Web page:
Iran’s Right to Peaceful Use of Nuclear Energy Should be Respected: India

first_imgAfter the United States withdrew from the Iran nuclear deal, India responded a day later, on May 9, saying that the country’s right to “peaceful uses of nuclear energy” should be respected by all parties involved in the deal.“India has always maintained that Iranian nuclear issue should be resolved peacefully through dialogue and diplomacy by respecting Iran’s right to peaceful uses of nuclear energy and international community’s strong interest in exclusively peaceful nature of Iran’s nuclear program,” the Indian Ministry of External Affairs said, according to the Times of India.“All parties should engage constructively to address and resolve issues that have arises with respect to the Joint Comprehensive Plan of Action (JCPOA),” it said.The decision by U.S. President Donald Trump on May 8 has led to an outcry in the global diplomatic circles. French President Emmanuel Macron, UK Foreign Minister Boris Johnson and German Chancellor Angela Merkel had met Trump a day before to dissuade him from leaving the nuclear deal with Iran but were unsuccessful in changing his mind to leave a deal that he said was “defective at its core.”However, the Iranian nuclear deal is “not dead” despite Trump’s decision, France’s Foreign Minister Jean-Yves Le Drian was quoted as saying by BBC on May 9.The deal was agreed in 2015 between Iran and the five permanent members of the UN Security Council — the United States, United Kingdom, France, China and Russia — plus Germany, under the leadership of former U.S. President Barack Obama. According to the deal, Iran would eliminate its nuclear stockpile but maintain its peaceful nuclear program, and in return, would receive relief from the nuclear-related economic sanctions imposed by the United States, European Union, and the United Nations Security Council.The other signatories have said that they will remain in the deal.India is speaking in support of Iran because of its interests in the Chabahar Port located in southeastern Iran, on the Gulf of Oman, which gives India access to Afghanistan and Eurasia, bypassing Pakistan. It serves as India’s answer to China developing the Gwadar Port in Pakistan as part of its China-Pakistan Economic Corridor.It was reported in February this year that India would invest in Iran to bypass impending U.S. sanctions, according to the Economic Times. The decision was reportedly made during Iranian President Hassan Rouhani’s visit to India in February. India is already set to develop the Chabahar Port at a cost of $85 million over the course of 18 months. India has also extended a $150 million credit line to Iran through Exim Bank of India and offered to supply $400 million worth of steel towards the construction of the rail link between Chabahar and Zahedan.India has also engaged with the United States as part of a quadrilateral that also includes Australia and Japan to stop China’s aggressive growth in the Asia Pacific region.  Related ItemsDonald TrumpIranUnited Stateslast_img read more

Jamal Khashoggi: What the Arab world needs most is free expression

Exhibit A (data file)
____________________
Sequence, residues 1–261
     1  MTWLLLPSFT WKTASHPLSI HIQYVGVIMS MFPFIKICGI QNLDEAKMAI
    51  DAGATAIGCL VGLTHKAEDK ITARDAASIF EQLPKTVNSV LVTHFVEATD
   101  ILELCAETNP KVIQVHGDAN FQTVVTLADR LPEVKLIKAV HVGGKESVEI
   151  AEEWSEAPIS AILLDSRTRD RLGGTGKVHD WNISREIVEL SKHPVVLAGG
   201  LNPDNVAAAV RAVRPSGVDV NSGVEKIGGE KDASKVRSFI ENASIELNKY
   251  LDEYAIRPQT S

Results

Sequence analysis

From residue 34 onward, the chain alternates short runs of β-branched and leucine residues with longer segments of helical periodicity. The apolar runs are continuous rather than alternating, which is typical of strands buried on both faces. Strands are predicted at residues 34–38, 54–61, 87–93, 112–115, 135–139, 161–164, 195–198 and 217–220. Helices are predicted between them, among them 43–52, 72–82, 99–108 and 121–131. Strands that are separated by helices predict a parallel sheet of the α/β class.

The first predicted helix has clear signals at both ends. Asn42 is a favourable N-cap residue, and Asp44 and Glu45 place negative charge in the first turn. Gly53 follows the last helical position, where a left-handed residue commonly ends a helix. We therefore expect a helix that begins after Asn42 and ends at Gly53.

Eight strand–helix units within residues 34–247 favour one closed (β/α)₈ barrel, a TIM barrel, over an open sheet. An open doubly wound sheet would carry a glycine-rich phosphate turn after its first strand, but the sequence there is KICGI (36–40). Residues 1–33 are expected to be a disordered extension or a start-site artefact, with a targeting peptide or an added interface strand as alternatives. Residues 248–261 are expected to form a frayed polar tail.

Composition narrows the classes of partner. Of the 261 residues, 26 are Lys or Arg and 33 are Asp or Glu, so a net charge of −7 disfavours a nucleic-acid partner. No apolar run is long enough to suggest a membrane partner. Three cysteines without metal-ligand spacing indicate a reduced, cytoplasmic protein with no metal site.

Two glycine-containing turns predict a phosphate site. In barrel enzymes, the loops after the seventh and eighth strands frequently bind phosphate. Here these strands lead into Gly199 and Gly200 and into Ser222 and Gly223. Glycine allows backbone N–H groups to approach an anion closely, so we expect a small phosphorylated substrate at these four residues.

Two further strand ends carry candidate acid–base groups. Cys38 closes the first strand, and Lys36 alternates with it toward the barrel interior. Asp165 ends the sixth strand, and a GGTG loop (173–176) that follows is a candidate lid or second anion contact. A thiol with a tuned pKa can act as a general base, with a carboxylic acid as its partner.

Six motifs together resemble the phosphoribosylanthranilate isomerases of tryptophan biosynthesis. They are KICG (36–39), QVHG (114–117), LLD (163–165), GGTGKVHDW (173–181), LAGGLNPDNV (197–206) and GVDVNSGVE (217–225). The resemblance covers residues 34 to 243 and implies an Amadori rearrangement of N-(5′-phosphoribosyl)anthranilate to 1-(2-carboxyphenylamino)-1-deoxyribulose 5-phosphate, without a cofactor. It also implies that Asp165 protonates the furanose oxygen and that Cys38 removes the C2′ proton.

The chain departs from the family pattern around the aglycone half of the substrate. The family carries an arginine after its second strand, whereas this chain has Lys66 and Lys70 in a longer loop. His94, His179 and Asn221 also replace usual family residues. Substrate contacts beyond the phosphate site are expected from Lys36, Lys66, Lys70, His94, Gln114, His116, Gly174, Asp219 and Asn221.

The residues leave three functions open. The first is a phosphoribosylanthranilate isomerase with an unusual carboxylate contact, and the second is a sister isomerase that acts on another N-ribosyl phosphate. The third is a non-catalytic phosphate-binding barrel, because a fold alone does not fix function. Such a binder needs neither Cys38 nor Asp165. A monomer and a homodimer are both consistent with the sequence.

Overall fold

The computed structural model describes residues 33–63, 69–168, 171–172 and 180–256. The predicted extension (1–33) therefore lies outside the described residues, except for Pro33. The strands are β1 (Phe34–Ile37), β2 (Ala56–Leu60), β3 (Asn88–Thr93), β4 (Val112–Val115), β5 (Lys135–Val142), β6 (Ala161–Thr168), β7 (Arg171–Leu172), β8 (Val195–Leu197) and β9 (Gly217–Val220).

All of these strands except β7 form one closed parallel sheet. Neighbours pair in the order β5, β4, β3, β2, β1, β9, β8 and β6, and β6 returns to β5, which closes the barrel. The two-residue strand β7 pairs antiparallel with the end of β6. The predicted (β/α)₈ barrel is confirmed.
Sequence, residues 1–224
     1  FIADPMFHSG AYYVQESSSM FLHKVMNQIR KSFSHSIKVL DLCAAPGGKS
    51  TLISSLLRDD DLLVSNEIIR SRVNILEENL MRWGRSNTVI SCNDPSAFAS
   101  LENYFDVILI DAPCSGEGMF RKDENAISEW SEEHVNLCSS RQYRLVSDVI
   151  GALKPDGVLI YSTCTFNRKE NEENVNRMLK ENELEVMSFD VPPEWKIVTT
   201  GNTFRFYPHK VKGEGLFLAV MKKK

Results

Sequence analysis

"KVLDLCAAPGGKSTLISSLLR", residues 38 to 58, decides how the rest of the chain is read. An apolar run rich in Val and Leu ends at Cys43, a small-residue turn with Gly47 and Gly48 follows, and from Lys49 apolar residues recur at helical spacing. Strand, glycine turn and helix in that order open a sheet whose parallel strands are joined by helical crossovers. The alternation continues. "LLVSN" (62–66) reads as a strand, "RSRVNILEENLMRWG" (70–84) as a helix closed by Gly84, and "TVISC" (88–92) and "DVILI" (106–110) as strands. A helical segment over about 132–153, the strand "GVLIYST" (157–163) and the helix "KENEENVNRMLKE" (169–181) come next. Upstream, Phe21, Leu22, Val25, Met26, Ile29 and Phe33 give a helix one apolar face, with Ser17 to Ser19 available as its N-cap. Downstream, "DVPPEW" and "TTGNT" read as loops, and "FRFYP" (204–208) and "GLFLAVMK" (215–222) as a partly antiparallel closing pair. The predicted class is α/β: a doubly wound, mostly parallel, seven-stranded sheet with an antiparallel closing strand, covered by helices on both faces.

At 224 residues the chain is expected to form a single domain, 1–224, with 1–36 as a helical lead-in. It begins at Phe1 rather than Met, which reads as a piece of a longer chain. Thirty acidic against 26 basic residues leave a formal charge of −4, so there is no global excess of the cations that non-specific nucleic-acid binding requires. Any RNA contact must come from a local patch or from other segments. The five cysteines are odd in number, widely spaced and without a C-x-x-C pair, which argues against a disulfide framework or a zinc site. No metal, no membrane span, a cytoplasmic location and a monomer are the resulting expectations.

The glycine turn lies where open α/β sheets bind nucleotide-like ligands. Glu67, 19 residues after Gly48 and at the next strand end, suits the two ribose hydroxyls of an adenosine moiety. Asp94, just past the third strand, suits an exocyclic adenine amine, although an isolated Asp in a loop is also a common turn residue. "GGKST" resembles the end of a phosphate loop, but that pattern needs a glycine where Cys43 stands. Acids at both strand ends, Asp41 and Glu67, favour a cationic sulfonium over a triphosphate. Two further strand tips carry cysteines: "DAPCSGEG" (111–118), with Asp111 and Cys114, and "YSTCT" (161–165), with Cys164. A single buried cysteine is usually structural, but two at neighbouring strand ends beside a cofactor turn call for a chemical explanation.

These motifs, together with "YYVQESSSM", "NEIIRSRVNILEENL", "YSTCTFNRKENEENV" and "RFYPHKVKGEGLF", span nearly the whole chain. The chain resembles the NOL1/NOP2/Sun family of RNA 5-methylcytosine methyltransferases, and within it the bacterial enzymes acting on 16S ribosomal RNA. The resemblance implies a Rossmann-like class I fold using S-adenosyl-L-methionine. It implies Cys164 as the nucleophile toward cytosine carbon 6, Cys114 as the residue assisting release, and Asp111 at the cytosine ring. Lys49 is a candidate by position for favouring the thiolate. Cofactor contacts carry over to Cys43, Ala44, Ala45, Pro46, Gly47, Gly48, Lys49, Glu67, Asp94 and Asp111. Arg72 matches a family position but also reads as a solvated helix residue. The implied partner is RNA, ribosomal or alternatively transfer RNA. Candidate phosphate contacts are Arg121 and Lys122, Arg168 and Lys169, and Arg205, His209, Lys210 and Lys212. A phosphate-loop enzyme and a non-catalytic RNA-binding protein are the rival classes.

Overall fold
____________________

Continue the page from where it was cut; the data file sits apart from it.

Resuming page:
first_imgI was recently online looking at the 2018 “Freedom in the World” report published by Freedom House and came to a grave realization. There is only one country in the Arab world that has been classified as “free.” That nation is Tunisia. Jordan, Morocco and Kuwait come second, with a classification of “partly free.” The rest of the countries in the Arab world are classified as “not free.”As a result, Arabs living in these countries are either uninformed or misinformed. They are unable to adequately address, much less publicly discuss, matters that affect the region and their day-to-day lives. A state-run narrative dominates the public psyche, and while many do not believe it, a large majority of the population falls victim to this false narrative. Sadly, this situation is unlikely to change.The Arab world was ripe with hope during the spring of 2011. Journalists, academics and the general population were brimming with expectations of a bright and free Arab society within their respective countries. They expected to be emancipated from the hegemony of their governments and the consistent interventions and censorship of information. These expectations were quickly shattered; these societies either fell back to the old status quo or faced even harsher conditions than before.My dear friend, the prominent Saudi writer Saleh al-Shehi, wrote one of the most famous columns ever published in the Saudi press. He unfortunately is now serving an unwarranted five-year prison sentence for supposed comments contrary to the Saudi establishment. The Egyptian government’s seizure of the entire print run of a newspaper, al-Masry al Youm, did not enrage or provoke a reaction from colleagues. These actions no longer carry the consequence of a backlash from the international community. Instead, these actions may trigger condemnation quickly followed by silence.As a result, Arab governments have been given free rein to continue silencing the media at an increasing rate. There was a time when journalists believed the Internet would liberate information from the censorship and control associated with print media. But these governments, whose very existence relies on the control of information, have aggressively blocked the Internet. They have also arrested local reporters and pressured advertisers to harm the revenue of specific publications.There are a few oases that continue to embody the spirit of the Arab Spring. Qatar’s government continues to support international news coverage, in contrast to its neighbors’ efforts to uphold the control of information to support the “old Arab order.” Even in Tunisia and Kuwait, where the press is considered at least “partly free,” the media focuses on domestic issues but not issues faced by the greater Arab world. They are hesitant to provide a platform for journalists from Saudi Arabia, Egypt and Yemen. Even Lebanon, the Arab world’s crown jewel when it comes to press freedom, has fallen victim to the polarization and influence of pro-Iran Hezbollah.The Arab world is facing its own version of an Iron Curtain, imposed not by external actors but through domestic forces vying for power. During the Cold War, Radio Free Europe, which grew over the years into a critical institution, played an important role in fostering and sustaining the hope of freedom. Arabs need something similar. In 1967, the New York Times and The Washington Post took joint ownership of the International Herald Tribune newspaper, which went on to become a platform for voices from around the world.My publication, The Post, has taken the initiative to translate many of my pieces and publish them in Arabic. For that, I am grateful. Arabs need to read in their own language so they can understand and discuss the various aspects and complications of democracy in the United States and the West. If an Egyptian reads an article exposing the actual cost of a construction project in Washington, then he or she would be able to better understand the implications of similar projects in his or her community.The Arab world needs a modern version of the old transnational media so citizens can be informed about global events. More important, we need to provide a platform for Arab voices. We suffer from poverty, mismanagement and poor education. Through the creation of an independent international forum, isolated from the influence of nationalist governments spreading hate through propaganda, ordinary people in the Arab world would be able to address the structural problems their societies face.Note from Karen Attiah, Washington Post Global Opinions editor: I received this column from Jamal Khashoggi’s translator and assistant the day after Jamal was reported missing in Istanbul. The Post held off publishing it because we hoped Jamal would come back to us so that he and I could edit it together. Now I have to accept: That is not going to happen. This is the last piece of his I will edit for The Post. This column perfectly captures his commitment and passion for freedom in the Arab world. A freedom he apparently gave his life for. I will be forever grateful he chose The Post as his final journalistic home one year ago and gave us the chance to work together.© 2018 Washington Post Related Itemslast_img read more